In the story described above, Minku did not vocalise at all, and yet, I knew when she was approving and when she was disapproving of my actions.  And if you have or had a special animal in your life you probably already know that very well.  You have honed your sensory acuity and you can easily spot the facial expressions and the bodily signals of your animal.  With other humans we seek verbal information and we often value verbal communication above non-verbal.  That stems from the confusing experiences in our early life.  When we sensed that something was not right and an adult ensured us that everything was just fine we slowly stopped trusting our senses, our intuition, our gut-feeling and began to rely on the words.

We trust animals because we don’t have this kind of contradicting experiences when dealing with them.  If you doubt that you can clearly read and interpret animal’s facial expressions and bodily signals just spend more time with this animal, open yourself up knowing that the animal will always be truthful to you, trust your senses: your eyes, your ears, your sense of touch and smell…

The other thing I learned, was that somehow, I can tap into a sense of knowing that comes from the unknown places.  Generally, I overtly use reason as a way to understand the world.  In my life I have been groomed to trust my reasoning and it served me well.  I do know that some people are able to communicate with animal using telepathy.  I might have a hunch, an inner sense about something but I either explained my hunch quoting observation or using rational argument.  At times when there was no truly rational explanation for my new awareness I would treat it as a bit of a game.  Then I have learned that my Myers-Briggs profile was ENTP.  That means that I pick things up intuitively and explain them using rational reason.  That got me paying attention to the thoughts that pass through my mind.  Neurologists say that our senses are bombarded with 11 million bits of information every second but we only can consciously process a few of those.  And you probably already know that we notice what we choose to pay attention to. (When I got my first perm I suddenly saw 3 times as many women with perm that I saw a day before).  So, it’s hard to open up to the intuition if we are focused on a fixed outcome or a fixed interpretation of what is happening around us or what is possible.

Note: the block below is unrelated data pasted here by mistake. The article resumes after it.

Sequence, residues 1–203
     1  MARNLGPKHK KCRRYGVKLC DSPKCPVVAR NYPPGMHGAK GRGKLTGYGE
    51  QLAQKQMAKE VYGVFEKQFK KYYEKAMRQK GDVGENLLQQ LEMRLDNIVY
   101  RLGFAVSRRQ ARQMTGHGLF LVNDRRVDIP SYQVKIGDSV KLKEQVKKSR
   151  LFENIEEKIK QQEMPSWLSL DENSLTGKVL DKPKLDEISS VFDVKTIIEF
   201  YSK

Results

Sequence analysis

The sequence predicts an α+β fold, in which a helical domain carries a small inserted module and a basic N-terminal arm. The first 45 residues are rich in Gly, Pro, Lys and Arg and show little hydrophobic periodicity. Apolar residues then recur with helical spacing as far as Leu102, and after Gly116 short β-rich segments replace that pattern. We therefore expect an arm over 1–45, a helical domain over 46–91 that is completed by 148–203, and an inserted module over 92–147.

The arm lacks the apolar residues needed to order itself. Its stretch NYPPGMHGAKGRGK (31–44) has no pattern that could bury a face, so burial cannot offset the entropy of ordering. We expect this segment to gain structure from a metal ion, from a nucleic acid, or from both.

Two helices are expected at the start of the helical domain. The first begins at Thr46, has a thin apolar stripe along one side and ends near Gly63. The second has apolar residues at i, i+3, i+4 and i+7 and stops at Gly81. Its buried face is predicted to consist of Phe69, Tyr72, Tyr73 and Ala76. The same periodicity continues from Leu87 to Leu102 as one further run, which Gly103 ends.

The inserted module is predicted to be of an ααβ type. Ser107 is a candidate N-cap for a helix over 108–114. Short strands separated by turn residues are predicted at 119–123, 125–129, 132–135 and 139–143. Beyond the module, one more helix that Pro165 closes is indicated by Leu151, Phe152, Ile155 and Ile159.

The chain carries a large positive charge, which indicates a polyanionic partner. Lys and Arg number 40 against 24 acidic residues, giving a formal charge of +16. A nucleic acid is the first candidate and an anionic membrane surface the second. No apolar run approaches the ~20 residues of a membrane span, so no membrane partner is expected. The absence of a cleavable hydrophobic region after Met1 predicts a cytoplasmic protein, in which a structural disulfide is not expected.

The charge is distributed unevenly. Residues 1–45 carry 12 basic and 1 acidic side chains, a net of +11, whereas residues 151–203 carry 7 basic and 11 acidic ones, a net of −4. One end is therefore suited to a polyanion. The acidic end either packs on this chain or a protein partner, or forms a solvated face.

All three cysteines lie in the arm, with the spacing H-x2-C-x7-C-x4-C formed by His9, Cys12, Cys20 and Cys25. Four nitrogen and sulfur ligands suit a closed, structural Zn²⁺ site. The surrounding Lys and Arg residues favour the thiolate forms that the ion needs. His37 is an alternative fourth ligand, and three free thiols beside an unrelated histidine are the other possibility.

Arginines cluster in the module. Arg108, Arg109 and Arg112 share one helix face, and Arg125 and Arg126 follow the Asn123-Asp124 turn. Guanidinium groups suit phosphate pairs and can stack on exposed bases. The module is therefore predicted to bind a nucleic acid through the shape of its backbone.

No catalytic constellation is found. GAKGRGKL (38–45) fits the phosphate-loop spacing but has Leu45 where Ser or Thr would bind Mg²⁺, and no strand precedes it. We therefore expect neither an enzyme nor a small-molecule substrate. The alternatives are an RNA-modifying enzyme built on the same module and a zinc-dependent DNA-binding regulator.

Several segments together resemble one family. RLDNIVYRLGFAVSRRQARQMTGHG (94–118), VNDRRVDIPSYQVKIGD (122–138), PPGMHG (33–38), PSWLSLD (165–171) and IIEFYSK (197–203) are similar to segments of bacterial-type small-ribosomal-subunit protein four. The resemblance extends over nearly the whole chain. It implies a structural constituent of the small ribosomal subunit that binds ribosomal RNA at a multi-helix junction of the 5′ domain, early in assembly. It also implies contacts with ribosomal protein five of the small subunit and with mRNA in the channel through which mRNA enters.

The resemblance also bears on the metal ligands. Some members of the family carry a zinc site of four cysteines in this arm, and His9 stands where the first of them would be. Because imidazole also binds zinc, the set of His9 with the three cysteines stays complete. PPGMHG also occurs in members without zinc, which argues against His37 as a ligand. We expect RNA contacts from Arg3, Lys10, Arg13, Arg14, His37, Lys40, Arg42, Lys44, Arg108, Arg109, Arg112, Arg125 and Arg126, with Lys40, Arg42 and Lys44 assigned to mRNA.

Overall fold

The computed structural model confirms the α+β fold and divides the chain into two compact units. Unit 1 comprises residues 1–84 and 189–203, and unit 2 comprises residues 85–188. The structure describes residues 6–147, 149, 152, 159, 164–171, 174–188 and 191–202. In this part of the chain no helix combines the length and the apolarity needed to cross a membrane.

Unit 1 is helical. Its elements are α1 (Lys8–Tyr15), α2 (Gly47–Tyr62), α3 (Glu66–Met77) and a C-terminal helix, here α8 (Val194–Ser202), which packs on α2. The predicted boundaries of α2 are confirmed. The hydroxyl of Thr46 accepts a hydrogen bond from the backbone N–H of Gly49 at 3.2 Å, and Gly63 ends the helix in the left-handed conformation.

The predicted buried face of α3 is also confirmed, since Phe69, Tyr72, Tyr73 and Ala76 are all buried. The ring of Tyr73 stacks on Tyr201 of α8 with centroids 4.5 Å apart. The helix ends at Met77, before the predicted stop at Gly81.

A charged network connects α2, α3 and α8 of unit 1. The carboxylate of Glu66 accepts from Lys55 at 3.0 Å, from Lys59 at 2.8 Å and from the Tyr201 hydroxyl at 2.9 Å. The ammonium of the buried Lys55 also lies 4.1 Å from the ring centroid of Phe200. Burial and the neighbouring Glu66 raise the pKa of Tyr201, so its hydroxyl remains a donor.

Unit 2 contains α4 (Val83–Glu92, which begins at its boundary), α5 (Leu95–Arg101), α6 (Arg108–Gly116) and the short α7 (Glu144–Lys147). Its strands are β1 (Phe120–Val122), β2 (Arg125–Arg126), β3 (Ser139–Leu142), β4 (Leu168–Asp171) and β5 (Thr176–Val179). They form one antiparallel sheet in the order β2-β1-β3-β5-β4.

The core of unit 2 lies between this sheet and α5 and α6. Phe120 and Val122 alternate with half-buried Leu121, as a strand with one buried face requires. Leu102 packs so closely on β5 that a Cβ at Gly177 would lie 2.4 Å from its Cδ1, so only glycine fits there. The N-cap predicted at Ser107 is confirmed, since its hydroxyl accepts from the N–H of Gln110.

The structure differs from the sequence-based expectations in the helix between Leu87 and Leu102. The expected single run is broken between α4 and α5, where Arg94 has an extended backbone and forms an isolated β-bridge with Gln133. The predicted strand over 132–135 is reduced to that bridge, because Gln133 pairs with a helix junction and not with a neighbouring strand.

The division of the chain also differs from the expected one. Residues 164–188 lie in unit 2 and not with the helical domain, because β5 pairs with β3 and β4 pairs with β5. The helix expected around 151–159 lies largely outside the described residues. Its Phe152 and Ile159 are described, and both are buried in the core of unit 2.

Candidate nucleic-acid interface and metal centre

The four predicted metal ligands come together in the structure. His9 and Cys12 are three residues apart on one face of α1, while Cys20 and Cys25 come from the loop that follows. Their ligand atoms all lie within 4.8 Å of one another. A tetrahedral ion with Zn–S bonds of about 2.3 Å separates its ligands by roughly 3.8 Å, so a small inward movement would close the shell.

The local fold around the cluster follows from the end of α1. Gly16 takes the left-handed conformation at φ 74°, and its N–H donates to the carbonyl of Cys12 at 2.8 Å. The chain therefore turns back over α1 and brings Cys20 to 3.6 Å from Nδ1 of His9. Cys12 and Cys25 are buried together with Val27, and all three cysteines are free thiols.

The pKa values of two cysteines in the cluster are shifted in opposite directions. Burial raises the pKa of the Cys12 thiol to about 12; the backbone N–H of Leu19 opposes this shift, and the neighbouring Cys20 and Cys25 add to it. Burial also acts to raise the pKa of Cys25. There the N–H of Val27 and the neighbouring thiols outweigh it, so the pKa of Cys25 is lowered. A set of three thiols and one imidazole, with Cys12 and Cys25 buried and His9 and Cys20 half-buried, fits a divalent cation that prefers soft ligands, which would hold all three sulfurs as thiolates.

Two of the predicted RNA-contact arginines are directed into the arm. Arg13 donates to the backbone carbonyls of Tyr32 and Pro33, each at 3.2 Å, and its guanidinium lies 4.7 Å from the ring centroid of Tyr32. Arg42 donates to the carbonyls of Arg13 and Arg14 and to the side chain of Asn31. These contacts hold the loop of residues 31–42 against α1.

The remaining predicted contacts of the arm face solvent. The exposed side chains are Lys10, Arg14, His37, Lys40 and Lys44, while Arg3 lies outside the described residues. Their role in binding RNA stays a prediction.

In the story I described, I did pay attention to my cat.  I wanted to do good and I had my senses poised and focused.  I understood Minku’s bodily and facial expressions. I noted what she used to do and how she used to behave in the past.  I noted what was happening in the present.  I cannot say whether it was exactly 11 million bits of information that asked for my attention in some way J .  But my senses and my brain did get extraordinary stimulation in a blink of an eye – even if my mind didn’t grasp it consciously.  And while I was bamboozled walking away from the cat to put the chair in its usual place my poor bamboozled brain was working hard to make sense from all that confusion.  And suddenly it popped the answer: “42” (just kidding).  But you know that feeling – maybe my brain worked it out, maybe it popped from my Unconscious Mind, or maybe it drifted into my mind from another space-time.  Who knows.  The great thing is I could get the realisation and it rang true.  My puzzle was solved.  I understood what Minku wanted and what she was doing.  I got her.  And that was a very satisfying feeling.

In our busy lives we have little time to just muse and daydream.  But next time you spend time with an animal allow yourself to be taken up in the enchanted realm of just being, and enjoy this state of being.  When you walk with your dog smell the air see the due drops on the grass, feel your body moving, connect with your dog.  Do not text on your phone.  Relax.  Open yourself up to the stream of consciousness.  Notice the difference.  You may find that you can think like a dog… or a cat… or rather, you get a sense how a cat or a dog is thinking.  Once you can do that – imagine how easy it will be to get a sense of how people you care about are thinking, what’s important to them, and why.

Wouldn’t that be cool? And useful?

And isn’t my Minku the Coolest of Cats?!”

If you want to try out at home what kind of new thoughts and new associations you can make when you allow yourself to enter into the ‘relaxed and focused’ state – try this simplified, and yet, potent process:

Grażyna Witkowska - Kinesiology and Hypnosis